You had to hand it to Carolyn: the woman had balls. If you're gonna call your ex-husband a switch hitter to his face, why not do it in Cascade Central Park at the top of the eighth?

Hell, it was going to happen eventually — Blair knew that, although a part of him had been hoping, well, that maybe it didn't have to happen after all. Cause he could really have done without this conversation. And certainly Jim could have done without this conversation.

"I should have known," Carolyn continued, staring hard at Jim, but not really seeing him. She was muttering now, as if maybe she didn't need them there at all. Which would have been, Blair thought glumly, infinitely preferable. "I mean, Jesus — I should have checked your form. A guy with your history? Locker room, barracks, bullpen — I can't believe I didn't see it. No place for a woman there. That's what my mother always said, but oh no, I thought I could fit in."

Blair had a flash of sympathy for her: he'd been there — hell, he was still there...

"Stupid, stupid," Carolyn berated herself. "Fit in? How could I — I never had the right equipment," she added, spitting the word at Jim nastily. "I could be a cop, I could be your gambling buddy, but god help me if I tried to get close to you — unlock that heart you claim to have. But I don't have the right key, do I? I never had what you wanted..."

"It wasn't like that," Jim protested quietly.

"All those medals — but you could never perform for me, could you?" Carolyn laughed harshly and Blair flinched; she turned to stare at him. "Is he any good for you?" she asked meanly. "Or does that even matter? He has so much more to offer, doesn't he..."

"Stop it," Jim warned her, standing up quickly. "Don't go there." Blair frowned, confused — where was Carolyn going? Blair glanced at his partner nervously — Jim knew Carolyn better than he did, and Jim had just abruptly switched emotional gears. Instead of anxiety, Blair was suddenly flooded with waves of hot-blooded fury.

Blair murmured Jim's name, trying to get his attention, but Jim didn't meet his eyes, seeming not to see him anymore. Blair took a deep breath and swallowed, thinking that throwing up on his shoes was not the way to go, here. And maybe all this anger was directed at Carolyn, but it was making him sick...

"Come on," Jim growled, gripping Blair's arm tightly, "let's go — "

"Academic job market not real good right now, is it?" Carolyn asked sweetly, looking up at Blair. "No matter — you seem to have landed on your feet. Bet you always do, don't you? I mean, hey — free room and board and a shiny new police badge — I bet you impress the hell out of the other kids at show and tell, don't you?"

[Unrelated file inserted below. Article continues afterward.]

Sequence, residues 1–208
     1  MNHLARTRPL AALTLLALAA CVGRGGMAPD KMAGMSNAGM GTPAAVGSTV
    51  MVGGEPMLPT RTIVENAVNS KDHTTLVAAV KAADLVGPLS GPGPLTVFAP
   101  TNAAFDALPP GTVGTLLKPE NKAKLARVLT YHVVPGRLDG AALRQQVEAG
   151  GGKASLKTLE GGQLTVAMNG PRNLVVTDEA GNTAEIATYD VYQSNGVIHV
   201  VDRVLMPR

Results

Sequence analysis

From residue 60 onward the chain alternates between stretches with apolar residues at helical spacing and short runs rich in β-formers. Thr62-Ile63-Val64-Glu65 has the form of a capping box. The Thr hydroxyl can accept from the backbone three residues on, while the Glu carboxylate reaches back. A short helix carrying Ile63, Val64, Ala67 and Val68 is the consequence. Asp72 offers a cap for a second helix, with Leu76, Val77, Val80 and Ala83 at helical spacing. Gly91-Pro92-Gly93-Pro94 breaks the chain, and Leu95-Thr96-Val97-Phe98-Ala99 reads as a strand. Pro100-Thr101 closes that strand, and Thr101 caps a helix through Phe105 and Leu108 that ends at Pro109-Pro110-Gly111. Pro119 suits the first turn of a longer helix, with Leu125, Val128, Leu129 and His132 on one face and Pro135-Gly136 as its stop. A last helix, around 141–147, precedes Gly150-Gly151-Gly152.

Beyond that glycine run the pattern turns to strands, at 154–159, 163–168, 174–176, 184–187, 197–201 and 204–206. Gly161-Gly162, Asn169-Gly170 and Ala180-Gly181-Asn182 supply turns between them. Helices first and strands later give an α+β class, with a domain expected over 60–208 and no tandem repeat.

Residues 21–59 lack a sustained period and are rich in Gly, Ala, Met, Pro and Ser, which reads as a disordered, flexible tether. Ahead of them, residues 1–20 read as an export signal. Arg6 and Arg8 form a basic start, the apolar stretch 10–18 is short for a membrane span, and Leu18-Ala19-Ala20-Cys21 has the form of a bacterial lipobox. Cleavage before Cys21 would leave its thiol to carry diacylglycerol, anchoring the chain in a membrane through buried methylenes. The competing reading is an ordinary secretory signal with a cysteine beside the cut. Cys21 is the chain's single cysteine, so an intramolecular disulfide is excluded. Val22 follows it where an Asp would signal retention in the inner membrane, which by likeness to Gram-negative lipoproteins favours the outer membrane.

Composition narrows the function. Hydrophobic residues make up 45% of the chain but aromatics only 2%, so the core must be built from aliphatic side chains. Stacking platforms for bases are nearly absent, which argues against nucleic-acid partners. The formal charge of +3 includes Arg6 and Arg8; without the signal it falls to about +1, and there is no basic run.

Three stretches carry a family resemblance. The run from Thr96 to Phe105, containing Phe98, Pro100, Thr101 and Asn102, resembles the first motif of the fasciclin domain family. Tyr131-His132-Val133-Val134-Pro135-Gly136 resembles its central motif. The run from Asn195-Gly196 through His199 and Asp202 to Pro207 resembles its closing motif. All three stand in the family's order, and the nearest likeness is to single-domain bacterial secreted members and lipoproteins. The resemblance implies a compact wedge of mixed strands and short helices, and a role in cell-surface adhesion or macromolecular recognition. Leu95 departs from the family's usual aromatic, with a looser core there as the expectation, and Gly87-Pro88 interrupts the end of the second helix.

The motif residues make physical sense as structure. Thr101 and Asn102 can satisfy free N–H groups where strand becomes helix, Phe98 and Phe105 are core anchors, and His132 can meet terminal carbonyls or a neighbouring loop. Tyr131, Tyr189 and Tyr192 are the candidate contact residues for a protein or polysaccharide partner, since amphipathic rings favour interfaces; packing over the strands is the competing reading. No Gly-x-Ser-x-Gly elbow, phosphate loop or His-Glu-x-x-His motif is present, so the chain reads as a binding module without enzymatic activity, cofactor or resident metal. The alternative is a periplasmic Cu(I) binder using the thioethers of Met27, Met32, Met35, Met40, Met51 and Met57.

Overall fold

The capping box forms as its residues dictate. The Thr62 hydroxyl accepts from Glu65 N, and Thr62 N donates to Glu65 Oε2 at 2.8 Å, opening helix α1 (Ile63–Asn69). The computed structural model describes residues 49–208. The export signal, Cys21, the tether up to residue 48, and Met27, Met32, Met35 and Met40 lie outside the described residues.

Blair opened his mouth to defend himself, but Carolyn cut him off. "What does he make you do for all that, Sandburg? Cook his meals? Laugh at his jokes? Does he make you play soldier-boy?"

Blair stared at her, slack-jawed, and felt Jim tugging hard on his arm. "Come on," Jim muttered, but he was frozen, paralyzed, rooted to the ground.

A gust of wind carried Carolyn's perfume to Blair's nose. Peaches. Roses. Something sweet smelling, anyway — Jim would know — and it was amazing how she could smell so sweet when her words were so poisonous.

"Your hippy dippy shit doesn't fool me, Sandburg. Peace and love," Carolyn snorted. "You're a parasite — and I know it even if he doesn't."

Blair, stung by the word, took a fumbling step back; Carolyn, pressing her advantage, rose up off the bench, and immediately Jim was interposing himself between them.

"You haven't earned anything," Carolyn cried, pushing forward to glare at Blair around the bulk of Jim's body. "Or maybe you have," she added, meaningfully. "Maybe you're working a lot harder than I think — "

"That's it," Jim said, blocking her with his body. "This conversation is over."

Conversation? Blair boggled. Is that what this was? Jesus H. Christ — if this was what Jim and Carolyn called conversation, what the flying fuck were their fights like??

"Jim, for god's sake — what do you see in this pushy little prick?" Carolyn demanded. "Or have I just answered my own question?" she sneered.

Jim surprised him by saying, "Yeah, well, maybe you have."

And for the first time, Carolyn looked at a loss for words: as if, despite everything, she had expected Jim to deny it.

"Look, this is pointless," Jim said, taking a step back, inadvertently bumping into Blair, who was standing two paces behind him. "No one meant to hurt you, but you go on and believe whatever you need to."

Carolyn took a deep breath and stepped back. "Yeah, well, maybe I need to," she replied, softly. "You live your lie," she added, glancing pointedly at Blair, "and I'll live mine."